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Glucose metabolism via the Entner-Doudoroff pathway in Campylobacter: a rare trait that enhances survival and promotes biofilm formation in some isolates

Vegge, C. S., Jansen van Rensburg, M. J., Rasmussen, J. J., Maiden, M. C. J., Johnsen, L. G., Danielsen, M., MacIntyre, S., Ingmer, H. and Kelly, D. J. (2016) Glucose metabolism via the Entner-Doudoroff pathway in Campylobacter: a rare trait that enhances survival and promotes biofilm formation in some isolates. Frontiers in Microbiology, 7. 01877. ISSN 1664-302X

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To link to this item DOI: 10.3389/fmicb.2016.01877

Abstract/Summary

Isolates of the zoonotic pathogen Campylobacter are generally considered to be unable to metabolize glucose due to lack of key glycolytic enzymes. However, the Entner-Doudoroff (ED) pathway has been identified in Campylobacter jejuni subsp. doylei and a few C. coli isolates. A systematic search for ED pathway genes in a wide range of Campylobacter isolates and in the C. jejuni/coli PubMLST database revealed that 1.7% of >6,000 genomes encoded a complete ED pathway, including both C. jejuni and C. coli from diverse clinical, environmental and animal sources. In rich media, glucose significantly enhanced stationary phase survival of a set of ED-positive C. coli isolates. Unexpectedly, glucose massively promoted floating biofilm formation in some of these ED-positive isolates. Metabolic profiling by gas chromatography–mass spectrometry revealed distinct responses to glucose in a low biofilm strain (CV1257) compared to a high biofilm strain (B13117), consistent with preferential diversion of hexose-6-phosphate to polysaccharide in B13117. We conclude that while the ED pathway is rare amongst Campylobacter isolates causing human disease (the majority of which would be of agricultural origin), some glucose-utilizing isolates exhibit specific fitness advantages, including stationary-phase survival and biofilm production, highlighting key physiological benefits of this pathway in addition to energy conservation.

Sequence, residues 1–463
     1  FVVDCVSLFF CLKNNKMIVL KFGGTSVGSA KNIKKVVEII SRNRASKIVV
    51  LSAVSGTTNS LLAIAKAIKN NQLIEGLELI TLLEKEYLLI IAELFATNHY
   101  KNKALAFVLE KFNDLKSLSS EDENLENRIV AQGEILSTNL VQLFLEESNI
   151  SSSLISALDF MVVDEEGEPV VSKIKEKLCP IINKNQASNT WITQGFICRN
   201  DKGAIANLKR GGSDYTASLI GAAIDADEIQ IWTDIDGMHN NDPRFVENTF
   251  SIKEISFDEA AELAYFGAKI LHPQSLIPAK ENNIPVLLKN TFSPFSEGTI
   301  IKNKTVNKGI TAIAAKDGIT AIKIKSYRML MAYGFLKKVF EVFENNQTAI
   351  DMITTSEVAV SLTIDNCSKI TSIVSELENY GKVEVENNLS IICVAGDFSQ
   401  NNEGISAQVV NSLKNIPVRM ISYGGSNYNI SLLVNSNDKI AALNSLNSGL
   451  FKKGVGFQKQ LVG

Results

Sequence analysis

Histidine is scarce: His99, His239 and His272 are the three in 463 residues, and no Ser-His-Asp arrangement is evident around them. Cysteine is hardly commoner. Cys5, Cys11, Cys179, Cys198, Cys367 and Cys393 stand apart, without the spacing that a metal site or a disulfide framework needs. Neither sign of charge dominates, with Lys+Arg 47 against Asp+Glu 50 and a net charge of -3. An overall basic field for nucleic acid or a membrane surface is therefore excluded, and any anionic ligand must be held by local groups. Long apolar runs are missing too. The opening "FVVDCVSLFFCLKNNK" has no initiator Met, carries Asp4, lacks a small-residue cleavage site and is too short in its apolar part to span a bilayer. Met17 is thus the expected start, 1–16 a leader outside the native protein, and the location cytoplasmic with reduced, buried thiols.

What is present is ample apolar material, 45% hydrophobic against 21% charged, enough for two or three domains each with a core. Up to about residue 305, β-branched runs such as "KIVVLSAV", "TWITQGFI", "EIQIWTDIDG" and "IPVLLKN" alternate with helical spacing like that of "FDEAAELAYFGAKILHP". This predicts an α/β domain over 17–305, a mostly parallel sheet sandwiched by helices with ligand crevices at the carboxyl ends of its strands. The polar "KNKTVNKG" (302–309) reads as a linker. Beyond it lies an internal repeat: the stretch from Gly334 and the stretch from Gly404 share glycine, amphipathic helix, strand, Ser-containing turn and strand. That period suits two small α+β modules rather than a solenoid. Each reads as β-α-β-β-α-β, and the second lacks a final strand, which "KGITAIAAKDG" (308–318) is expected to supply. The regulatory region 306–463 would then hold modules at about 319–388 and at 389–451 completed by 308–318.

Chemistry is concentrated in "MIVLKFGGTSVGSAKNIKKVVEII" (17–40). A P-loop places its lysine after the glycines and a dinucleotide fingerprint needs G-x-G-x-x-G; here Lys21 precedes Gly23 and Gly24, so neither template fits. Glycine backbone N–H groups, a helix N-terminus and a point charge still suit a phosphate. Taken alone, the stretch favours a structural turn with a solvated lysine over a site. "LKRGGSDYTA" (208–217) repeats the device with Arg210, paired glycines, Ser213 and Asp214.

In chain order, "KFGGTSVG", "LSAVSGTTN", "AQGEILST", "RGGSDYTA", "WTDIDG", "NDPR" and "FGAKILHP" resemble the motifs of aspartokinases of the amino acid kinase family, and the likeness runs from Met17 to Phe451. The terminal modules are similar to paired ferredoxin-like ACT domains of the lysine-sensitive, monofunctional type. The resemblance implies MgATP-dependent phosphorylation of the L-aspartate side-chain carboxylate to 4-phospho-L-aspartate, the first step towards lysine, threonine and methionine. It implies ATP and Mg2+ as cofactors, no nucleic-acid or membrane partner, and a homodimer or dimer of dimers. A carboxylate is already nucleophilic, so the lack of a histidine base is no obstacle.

Item Type:Article
Refereed:Yes
Divisions:Faculty of Life Sciences > School of Biological Sciences > Biomedical Sciences
ID Code:68462
Publisher:Frontiers

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